We read through the property analysts’ reports (CBRE, Colliers, Knight Frank, JLL and Savills) to find out why, when everything always gets more expensive, office rent might be bucking the trend.
The rent is getting cheaper, or at least not more expensive. (That counts as a win.) A combination of slowing economic growth, stabilizing demand, and new projects on the horizon has put landlords in a weakened position when it comes to negotiations. They know there are more projects coming and less companies to potentially fill them, so now is the time to cut a deal. If you can’t get a rent reduction, you should at least be able to manage rent-free periods and/or discounts to offset the cost of decoration. Make The Man pay for it.
Keep in mind this is the Grade A office market, i.e., the nice towers with nice bathrooms, not the 7th-floor walkup where the management is too cheap to supply paper towels.
Why Is It Happening?
Big reasons and small reasons. Economic growth is slowing both globally and locally, and that directly affects the real estate market. It works like this: in a slowing economy, companies make less money and therefore have less money to spend on real estate (this is a gross generalization, and even in a slowing economy, there are many bright spots, but — but! — this how it works in general).
Global growth for 2019 is projected to be 3.5%, down from 3.7% in 2018, and Shanghai’s 2018 economy slowed to 6.6% from 6.9% in 2017. The 2019 target is 6-6.5% growth, according to the local government. And you know what? The government is totally fine with that, at least in Shanghai, because, as they say, they are moving from a period of high-quantity growth (the 90s and early 00s) to a period of high-quality growth (the last couple of years). What does that mean? Basically, the economy in Shanghai used to be driven by manufacturing. Now it’s not. Now it’s driven by people buying goods and services. Which is healthier for the economy anyway.
Tangent. Back to economics and real estate. Another factor is that government is increasing regulation on the finance sector, which is a big big part of Shanghai’s economy. Have you ever seen Lujiazui? That’s the “finance sector”.
Specifically, the finance, legal and consulting sectors make up about 50% of Shanghai’s Grade A office tenants. The slowing economy and greater regulation mean they are trying to save money, not splash out on a 68th floor view over the universe.
At the same time, supply is greater than demand. Basically, Shanghai is building office towers faster than companies need office towers. To give some perspective, there was about 7.2m sq m of leased Grade A office space in Shanghai by the end of 2018. In the next four years (end of 2022), there will be another 2.3m sq m of new space. That’s like adding six — six! — more Shanghai Towers.
How Much Would It Cost Me? Some Simple Math
Imagine a 100 sq m office, enough for about 10 staff and some potted plants.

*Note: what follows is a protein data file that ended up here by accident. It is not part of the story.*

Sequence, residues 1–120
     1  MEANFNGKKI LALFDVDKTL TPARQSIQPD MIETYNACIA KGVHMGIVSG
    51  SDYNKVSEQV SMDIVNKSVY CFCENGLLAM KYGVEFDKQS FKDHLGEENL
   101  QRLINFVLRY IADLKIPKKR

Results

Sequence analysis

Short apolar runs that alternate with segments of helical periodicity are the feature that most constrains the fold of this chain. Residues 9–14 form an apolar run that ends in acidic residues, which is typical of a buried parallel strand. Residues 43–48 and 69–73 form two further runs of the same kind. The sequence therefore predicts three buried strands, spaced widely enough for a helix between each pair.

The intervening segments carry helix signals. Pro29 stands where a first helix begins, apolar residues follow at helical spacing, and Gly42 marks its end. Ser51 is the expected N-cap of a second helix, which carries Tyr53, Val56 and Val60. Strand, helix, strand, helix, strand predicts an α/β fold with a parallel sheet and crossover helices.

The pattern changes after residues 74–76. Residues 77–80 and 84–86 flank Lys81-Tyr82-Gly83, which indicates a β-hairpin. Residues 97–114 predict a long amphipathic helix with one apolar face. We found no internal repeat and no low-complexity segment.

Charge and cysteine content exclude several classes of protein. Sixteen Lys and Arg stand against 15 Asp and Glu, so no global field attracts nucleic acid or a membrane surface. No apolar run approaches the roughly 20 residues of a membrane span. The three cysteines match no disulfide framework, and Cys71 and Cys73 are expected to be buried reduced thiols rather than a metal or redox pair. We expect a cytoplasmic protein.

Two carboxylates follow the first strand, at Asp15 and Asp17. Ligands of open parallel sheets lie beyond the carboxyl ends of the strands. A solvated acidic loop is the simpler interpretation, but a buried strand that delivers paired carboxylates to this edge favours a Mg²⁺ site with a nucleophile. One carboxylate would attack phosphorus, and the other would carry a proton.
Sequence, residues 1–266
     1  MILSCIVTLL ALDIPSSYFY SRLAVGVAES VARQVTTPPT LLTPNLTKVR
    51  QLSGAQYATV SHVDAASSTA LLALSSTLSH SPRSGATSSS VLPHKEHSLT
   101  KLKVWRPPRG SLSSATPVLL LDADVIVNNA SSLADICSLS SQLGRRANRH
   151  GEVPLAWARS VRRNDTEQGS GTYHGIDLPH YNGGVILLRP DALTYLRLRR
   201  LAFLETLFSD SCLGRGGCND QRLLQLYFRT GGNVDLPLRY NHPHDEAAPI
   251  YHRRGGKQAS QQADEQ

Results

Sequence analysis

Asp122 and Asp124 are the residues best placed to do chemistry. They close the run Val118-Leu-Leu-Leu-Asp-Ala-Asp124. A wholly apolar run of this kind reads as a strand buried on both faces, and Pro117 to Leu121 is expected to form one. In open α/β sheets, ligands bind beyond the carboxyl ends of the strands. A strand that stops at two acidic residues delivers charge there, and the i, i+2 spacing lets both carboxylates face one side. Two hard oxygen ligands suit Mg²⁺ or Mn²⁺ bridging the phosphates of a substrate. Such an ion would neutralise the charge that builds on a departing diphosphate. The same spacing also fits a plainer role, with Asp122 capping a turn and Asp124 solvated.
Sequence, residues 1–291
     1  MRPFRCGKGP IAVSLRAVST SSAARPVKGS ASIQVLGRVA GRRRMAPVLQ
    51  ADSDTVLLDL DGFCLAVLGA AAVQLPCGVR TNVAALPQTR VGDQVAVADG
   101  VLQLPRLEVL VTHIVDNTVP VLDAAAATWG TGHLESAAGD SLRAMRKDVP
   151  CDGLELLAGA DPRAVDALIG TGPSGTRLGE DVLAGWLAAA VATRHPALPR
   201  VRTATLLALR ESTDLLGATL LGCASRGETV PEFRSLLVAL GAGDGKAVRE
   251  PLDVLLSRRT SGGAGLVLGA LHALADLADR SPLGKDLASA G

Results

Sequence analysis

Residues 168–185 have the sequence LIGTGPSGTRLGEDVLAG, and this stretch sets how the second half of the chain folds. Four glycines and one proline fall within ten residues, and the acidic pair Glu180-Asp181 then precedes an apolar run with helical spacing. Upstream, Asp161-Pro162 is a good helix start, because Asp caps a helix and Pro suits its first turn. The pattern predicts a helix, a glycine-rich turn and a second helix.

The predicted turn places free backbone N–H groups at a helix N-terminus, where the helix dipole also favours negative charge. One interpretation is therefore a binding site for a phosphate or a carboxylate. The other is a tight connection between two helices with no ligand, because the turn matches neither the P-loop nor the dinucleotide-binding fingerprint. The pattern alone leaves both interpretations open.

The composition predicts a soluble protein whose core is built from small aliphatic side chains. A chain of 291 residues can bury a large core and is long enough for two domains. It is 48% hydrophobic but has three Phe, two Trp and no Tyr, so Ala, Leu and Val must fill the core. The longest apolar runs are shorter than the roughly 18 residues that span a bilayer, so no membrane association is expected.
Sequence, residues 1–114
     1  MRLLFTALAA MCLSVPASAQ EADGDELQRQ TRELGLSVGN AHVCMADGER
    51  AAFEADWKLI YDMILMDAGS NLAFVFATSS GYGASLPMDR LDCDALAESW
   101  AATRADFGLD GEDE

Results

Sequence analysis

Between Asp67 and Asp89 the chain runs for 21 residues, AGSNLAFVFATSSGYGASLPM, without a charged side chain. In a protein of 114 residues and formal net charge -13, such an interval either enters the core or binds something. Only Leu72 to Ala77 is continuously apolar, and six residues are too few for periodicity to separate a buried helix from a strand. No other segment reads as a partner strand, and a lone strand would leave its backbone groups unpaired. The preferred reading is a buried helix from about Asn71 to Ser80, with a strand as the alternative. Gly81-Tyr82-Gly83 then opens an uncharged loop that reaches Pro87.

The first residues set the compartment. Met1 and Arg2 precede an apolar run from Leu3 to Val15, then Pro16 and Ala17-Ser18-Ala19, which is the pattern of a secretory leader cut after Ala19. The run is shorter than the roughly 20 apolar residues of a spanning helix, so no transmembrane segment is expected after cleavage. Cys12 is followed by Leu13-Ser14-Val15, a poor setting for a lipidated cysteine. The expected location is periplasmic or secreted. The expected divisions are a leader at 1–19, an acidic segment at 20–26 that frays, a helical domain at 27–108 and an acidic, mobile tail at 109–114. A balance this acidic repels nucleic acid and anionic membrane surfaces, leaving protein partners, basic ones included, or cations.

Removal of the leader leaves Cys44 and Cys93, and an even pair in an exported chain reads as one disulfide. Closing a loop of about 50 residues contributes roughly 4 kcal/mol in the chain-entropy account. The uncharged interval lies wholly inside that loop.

You’ll be paying around 11.8rmb per sq m per day. Multiply that by 100 sq m (1,181rmb) and multiply that by 365 and now you're at 431,187rmb per year. Divide by 12 months and your rent is 35,932rmb per month, without management fees.
West Nanjing Road and Middle Huaihai Road
Average rent is about 10.3rmb. Put that through the same calculations above (x 100 sq m x 365 days / 12 months) and your rent is 31,413rmb per month, without management fees.
Hey, maybe you don't need to be in downtown. How much would you save by going out west? Well, rent there averages 6.7rmb per sq m per day, making a 100 sq m office space 20,379rmb.
Where Is It Happening?
The biggest impact is in Shanghai’s core business districts: Lujiazui, Huaihai Middle Road and West Nanjing Road. Where the financial companies and their connected service industries are based.
According to real estate service provider Colliers, rents actually dropped by 0.8% in Pudong – where the majority of the finance companies are located – from 2017 but will start to rise again soon. After all, there is only so much space in the CBD and very little space to build new high-rises. In research terms, the supply will be constrained by geographical limitations.
Knight Frank, also a real estate service provider, projects Huaihai Middle Road and West Nanjing Road rents will remain unchanged or even decrease this year.
How Can This Benefit Me?
If you’ve been thinking about upgrading your office space, or have a lease renewal looming, now might be the right time to do something about it – at least in the Grade A office market.
Rents will increase again by between 2%-4% per year from end-2019 to 2022, so now is the time to take advantage of the dip in the market, and negotiate with landlords who have become more, let’s say, forgiving towards those looking for a deal.
Landlord concessions are on the table. When will that be true again?
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